Look at the above numbers again. Yes, the testosterone-generating effects on actors of playing a boss appeared to be more prominent among women (specifically, as expressed as a “percentage change”), but the sex differences in testosterone were not eliminated in this special “power acting” situation. Not even close (estimated hormone levels in these conditions were 618ng/dL for men versus 68ng/dL for women). Indeed, because men have much higher levels of testosterone to begin with, although they have a smaller “percentage increase” when acting as a boss, the raw sex differences in testosterone were probably LARGER in the acting as a boss conditions (men = 618 versus women = 68; 618 – 68 means men were 550 higher than women), compared to men and women generally (men = 600 versus women = 60; 600 – 60 means men were 540 higher than women).

These numbers are just estimates (again, actual data on mean testosterone levels were left unreported in the original study, for some unknown reason the authors only reported the percentage changes). What is clear is that it is rather misleading to conclude from this study that sex differences in testosterone are increased by social roles such as being a boss (or being a masculine boss more than a feminine boss). Percentage changes are greater in women than men, yes; but the actual sex differences in testosterone likely get bigger when acting like a boss!

It is important to note there is a lot of natural variability in testosterone levels within men and women (e.g., According to the National Institutes of Health, the normal range of testosterone is 300 to 1,200ng/dL for men, and about 30 to 95ng/dL for women), and sometimes extremely high or low testosterone scores can affect results in studies like this. Demographic confounds such as age and being in a relationship also can affect men’s and women’s testosterone levels differently. van Anders and her colleagues (2015) controlled for these factors in additional analyses, and the above results held up well.

In sum, this study is a fascinating investigation into the effects of “acting like a boss” on testosterone levels. Acting like a masculine boss does not increase testosterone more than acting like a feminine boss, but just acting like a boss (and maybe just acting generally) does appear to increase testosterone (more so in women if looked at as a percentage change; likely less so in women if looked at as a raw mean-level change). Again, given men’s much higher levels of testosterone overall, the percentage changes reported by van Anders et al. (2015) signify that mean-level sex differences in testosterone probably grow LARGER when men and women act like a boss.

It also is important to note the change in testosterone among women (+8ng/dL) is miniscule compared to sex differences in testosterone generally (600 versus 60ng/dL = 540ng/dL). As a comparison, the jump in women’s testosterone (+8ng/dL) given the size of the typical sex difference in testosterone (540ng/dL) would be the equivalent of women’s average height increasing about 2 millimeters (with average sex difference in height being about 5½ inches; Stulp et al., 2013) in a special social role. Demonstrating that inhabiting a special social role could increase women’s average height by 2 millimeters (or any height) would be fascinating, for sure, but it would not imply the 5½ inch difference between men and women is entirely due to social roles. Mountains and mole hills come to mind.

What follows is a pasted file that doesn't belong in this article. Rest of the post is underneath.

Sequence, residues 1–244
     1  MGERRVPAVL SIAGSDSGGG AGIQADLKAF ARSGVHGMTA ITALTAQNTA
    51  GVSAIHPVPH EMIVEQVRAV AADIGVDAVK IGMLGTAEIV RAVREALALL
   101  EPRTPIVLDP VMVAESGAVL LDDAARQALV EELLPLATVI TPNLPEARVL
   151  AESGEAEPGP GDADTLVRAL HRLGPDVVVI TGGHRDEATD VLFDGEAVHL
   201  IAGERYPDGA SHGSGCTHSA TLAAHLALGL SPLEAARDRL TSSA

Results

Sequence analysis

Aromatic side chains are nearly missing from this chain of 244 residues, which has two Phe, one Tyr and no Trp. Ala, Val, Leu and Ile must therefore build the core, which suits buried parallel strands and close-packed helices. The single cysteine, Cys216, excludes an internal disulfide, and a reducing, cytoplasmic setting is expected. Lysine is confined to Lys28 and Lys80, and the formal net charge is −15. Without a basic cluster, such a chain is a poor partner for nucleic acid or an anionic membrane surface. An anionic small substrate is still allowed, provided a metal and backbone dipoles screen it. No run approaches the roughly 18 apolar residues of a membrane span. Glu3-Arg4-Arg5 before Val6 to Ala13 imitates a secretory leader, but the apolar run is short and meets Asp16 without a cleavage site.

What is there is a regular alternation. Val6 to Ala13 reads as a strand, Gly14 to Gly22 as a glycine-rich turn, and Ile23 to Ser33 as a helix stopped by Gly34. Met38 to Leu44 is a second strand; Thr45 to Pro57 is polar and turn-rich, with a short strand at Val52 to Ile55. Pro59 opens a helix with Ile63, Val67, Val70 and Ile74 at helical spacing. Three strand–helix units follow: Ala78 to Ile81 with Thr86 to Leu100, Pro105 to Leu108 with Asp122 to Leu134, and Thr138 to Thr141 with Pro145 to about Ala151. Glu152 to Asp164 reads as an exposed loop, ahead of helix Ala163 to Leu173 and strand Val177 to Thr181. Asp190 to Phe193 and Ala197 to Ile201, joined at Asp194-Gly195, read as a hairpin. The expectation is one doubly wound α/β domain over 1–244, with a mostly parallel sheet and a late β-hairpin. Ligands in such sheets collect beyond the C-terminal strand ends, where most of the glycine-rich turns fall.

One next step would be to see if acting in other ways (e.g., like a baby, like a minister, whatever) also raises women’s testosterone more than men’s (as a percentage) and increases the sex difference in testosterone (in terms of mean levels). And hopefully, future studies will report the mean testosterone levels across conditions in addition to the potentially misleading percentage changes. One can hope.

Butler, J. (2002). Gender trouble. New York: Routledge.

Dabbs, J. M., & Dabbs, M. G. (2000). Heroes, rogues, and lovers: Testosterone and behavior. New York: McGraw-Hill.

Goldey, K. L., & van Anders, S. M. (2014). Sexual modulation of testosterone: Insights for humans from across species. Adaptive Human Behavior and Physiology, 1, 93-123.

Muller, M. N., Marlowe, F. W., Bugumba, R., & Ellison, P. T. (2009). Testosterone and paternal care in East African foragers and pastoralists. Proceedings of the Royal Society of London B: Biological Sciences, 276, 347-354.

Stulp, G., Buunk, A. P., Pollet, T. V., Nettle, D., & Verhulst, S. (2013). Are human mating preferences with respect to height reflected in actual pairings. PloS one, 8, e54186.

van Anders, S.M., Steiger, J., & Goldey, K.L. (2015). Effects of gendered behavior on testosterone in women and men. Proceedings of the National Academy of Sciences.

Wood, W., & Eagly, A. H. (2012). Biosocial construction of sex differences and similarities in behavior. Advances in Experimental Social Psychology, 46, 55-123.